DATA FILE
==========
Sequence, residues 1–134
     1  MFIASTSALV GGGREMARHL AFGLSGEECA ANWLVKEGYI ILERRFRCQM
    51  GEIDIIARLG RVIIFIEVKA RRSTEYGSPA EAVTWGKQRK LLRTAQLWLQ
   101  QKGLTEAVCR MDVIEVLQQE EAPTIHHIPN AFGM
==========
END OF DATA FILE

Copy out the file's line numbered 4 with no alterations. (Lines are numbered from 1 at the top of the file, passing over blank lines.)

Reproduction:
   101  QKGLTEAVCR MDVIEVLQQE EAPTIHHIPN AFGM